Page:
I think I nearly bit through my tongue at this point, as I considered my options. I considered informing her that not all of us in recovery appreciate being ranked with pedofiles when it comes to undesireable neighbors. I thought about letting her know that those in early recovery need a lot of patience and compassion. I thought about calling her an ignorant bizzo. I instead said nothing, because I knew I was not capable of being diplomatic at that point, and it would accomplish nothing to tell her off.
After the kids were dismissed and we were walking home, I told myself to let it go and not let it bother me. Had she known that I am in recovery, she would surely not have said those things, or at least I'd like to think that. I know it's idealistic, but I'd love the chance to talk to her again and set her straight. But with only a few days left in the school year, it's unlikely that I'll have the chance.
I carry the green card with me in my purse and I thought of it as I stood there facing that woman. I thought of the one line, "I will not show anyone that my feelings are hurt; they may be hurt, but today I will not show it." I wasn't hurt, just ticked, but I knew it was better to hold my tongue. One of the gifts of my recovery has been the realization that I do not always have to have my say, and I do not always have to be right. The satisfaction of knowing I didn't lose my temper tastes much better than telling her off would have.

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Monday, June 1, 2009

My Anniversary Present

Looky what I got!  I've been wanting the industrial piercing for about a year, and I finally went and did it.  It's my wedding anniversary present from the Man.  12 years went by fast!
IndustrialBW.jpg picture by Shay7474
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I celebrated 8 years of recovery from alcoholism on the 28th of May, hallelujah!  I wish you could have seen the smile on my face when I went to my home group the night before & received my coin.  There is just no other feeling like it; to know that you have succeeded at changing your life, one day at a time, through the grace of God and AA - it is simply amazing, in every sense of the word.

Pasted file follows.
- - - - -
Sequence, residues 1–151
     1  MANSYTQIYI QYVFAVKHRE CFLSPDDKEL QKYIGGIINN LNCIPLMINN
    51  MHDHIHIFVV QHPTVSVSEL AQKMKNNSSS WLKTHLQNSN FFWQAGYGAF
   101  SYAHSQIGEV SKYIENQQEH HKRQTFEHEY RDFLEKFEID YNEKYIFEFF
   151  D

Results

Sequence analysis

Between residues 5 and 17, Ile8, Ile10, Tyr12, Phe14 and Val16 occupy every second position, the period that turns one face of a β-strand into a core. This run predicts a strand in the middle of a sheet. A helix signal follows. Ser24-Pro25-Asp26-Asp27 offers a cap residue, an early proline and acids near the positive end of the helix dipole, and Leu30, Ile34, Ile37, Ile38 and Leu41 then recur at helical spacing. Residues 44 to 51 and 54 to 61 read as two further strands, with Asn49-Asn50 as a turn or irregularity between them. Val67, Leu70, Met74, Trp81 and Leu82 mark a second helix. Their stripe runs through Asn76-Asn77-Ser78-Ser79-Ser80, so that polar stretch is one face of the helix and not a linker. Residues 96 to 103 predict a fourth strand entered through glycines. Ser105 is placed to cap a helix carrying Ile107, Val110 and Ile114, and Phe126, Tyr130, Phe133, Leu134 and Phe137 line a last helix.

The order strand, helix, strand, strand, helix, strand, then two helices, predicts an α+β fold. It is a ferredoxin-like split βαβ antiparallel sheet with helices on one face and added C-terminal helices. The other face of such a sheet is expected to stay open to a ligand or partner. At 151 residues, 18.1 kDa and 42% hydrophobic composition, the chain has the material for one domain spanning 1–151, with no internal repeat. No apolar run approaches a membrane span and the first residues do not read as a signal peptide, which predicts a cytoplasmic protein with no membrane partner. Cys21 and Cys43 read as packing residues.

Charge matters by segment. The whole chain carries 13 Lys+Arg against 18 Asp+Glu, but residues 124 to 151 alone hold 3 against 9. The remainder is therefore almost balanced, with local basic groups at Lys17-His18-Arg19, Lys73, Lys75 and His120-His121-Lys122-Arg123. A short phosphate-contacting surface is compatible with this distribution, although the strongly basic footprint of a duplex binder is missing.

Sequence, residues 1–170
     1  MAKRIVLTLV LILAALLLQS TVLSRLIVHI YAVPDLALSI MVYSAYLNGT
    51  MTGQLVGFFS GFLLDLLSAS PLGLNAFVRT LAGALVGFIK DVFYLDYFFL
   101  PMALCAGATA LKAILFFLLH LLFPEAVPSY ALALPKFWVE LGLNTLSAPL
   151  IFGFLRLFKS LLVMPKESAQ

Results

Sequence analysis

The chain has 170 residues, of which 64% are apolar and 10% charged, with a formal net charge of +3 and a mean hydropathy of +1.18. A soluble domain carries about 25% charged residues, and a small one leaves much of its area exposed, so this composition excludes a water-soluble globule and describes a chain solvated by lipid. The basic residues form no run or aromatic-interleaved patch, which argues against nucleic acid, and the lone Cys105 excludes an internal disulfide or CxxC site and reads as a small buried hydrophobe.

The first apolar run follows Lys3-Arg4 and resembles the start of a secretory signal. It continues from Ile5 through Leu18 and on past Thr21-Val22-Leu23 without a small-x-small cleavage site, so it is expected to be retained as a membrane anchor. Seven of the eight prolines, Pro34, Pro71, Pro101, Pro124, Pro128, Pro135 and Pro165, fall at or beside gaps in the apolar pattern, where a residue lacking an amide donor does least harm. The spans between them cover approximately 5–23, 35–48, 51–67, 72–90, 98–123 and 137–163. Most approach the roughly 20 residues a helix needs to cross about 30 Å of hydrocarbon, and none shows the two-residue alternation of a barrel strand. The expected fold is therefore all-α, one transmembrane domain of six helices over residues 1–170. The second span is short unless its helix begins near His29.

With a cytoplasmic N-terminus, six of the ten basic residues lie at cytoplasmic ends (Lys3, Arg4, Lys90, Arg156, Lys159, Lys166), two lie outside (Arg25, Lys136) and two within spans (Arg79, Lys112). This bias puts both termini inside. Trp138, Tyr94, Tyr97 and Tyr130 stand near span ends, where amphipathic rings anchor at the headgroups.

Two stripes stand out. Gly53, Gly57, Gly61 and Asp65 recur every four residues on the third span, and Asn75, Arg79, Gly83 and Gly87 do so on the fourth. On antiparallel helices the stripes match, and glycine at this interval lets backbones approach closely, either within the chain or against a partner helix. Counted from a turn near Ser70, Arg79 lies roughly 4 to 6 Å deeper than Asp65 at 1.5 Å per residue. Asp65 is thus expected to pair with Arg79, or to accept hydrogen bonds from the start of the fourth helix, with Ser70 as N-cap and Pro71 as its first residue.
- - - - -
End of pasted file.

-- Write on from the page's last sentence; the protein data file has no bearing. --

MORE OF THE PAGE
When it was my turn to share I talked about where I had been and where I am now.  How I'm incredibly blessed to have a husband and children and the life that I enjoy.  I shared that I am a first timer, and that I have stayed sober for this many years because, quite simply, I do what I'm told.  I listen to the suggestions and advice of my sponsor and fellow alcoholics.  I take my life one day at a time, I try my best to be humble, I am honest, I admit when I am wrong.... not because I am so awesome, but because I know what happens when I don't live this life the way I'm supposed to.  I did things my way for a long time, and it got me in a lot of trouble.  I don't need to have my way anymore.  Giving up my own will, and submitting to God is what keeps me sober.  I make amends where necessary, pray for those who cause me pain, and keep my mouth shut, which is hard, for anyone who knows me.  I don't always need to be 'right' anymore.
I carry my coin in my pocket every day, as a reminder to me of needing to 'practice these principles in all my affairs'.  I love the coins that my meeting uses. They look like these:
Coin.jpg picture by Shay7474
The history of the coins, if you're nerdy like me and need to know these things, can be found here.
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How to Ensure that Parents of Your Fans Will Hate You

I read recently that Kanye West is anti-reading.  I thought at first that this had to be a joke, because who would be against reading?  But sadly, it's true.  As disturbing as this is, what's even more disturbing is that this genius has now written a book.  Umm... what?  Yes, the anti-book rapper has 'written' a book.  And 'written' gets air-quotes because 1) he doesn't believe in books and 2) he had to have someone co-author a book that consists of random quotes, 'Kanye-isms' and blank pages.
As Jen over at Cake Wrecks said, "After banging my head against the desk and weeping for future generations," I thanked God that my parents did not feel this way.  We were always encouraged to read and to write, and had our own library cards from a young age.  We read mysteries, autobiographies, and poetry, along with the Bible.  Some of my earliest memories are of my mom reading books to us on long car trips, and of my father making up stories to tell us at bedtime.  I am incredibly thrilled and proud that I have passed the reading bug on to the Princess, who plows through books at an amazing rate.  She read the entire Left Behind Kids series in about two weeks.
As Thomas Jefferson said, "I cannot live without books."  As a lifelong reader and an aspiring author, I have the urge to tack Kanye's picture on my dartboard.  The celebrity platform is a gift Mr. West, and you have clearly squandered yours.  Young people looking for good writing by a black author, skip Kanye's 'book' and instead check out someone worth reading, like Howard Thurman or Rosa Parks.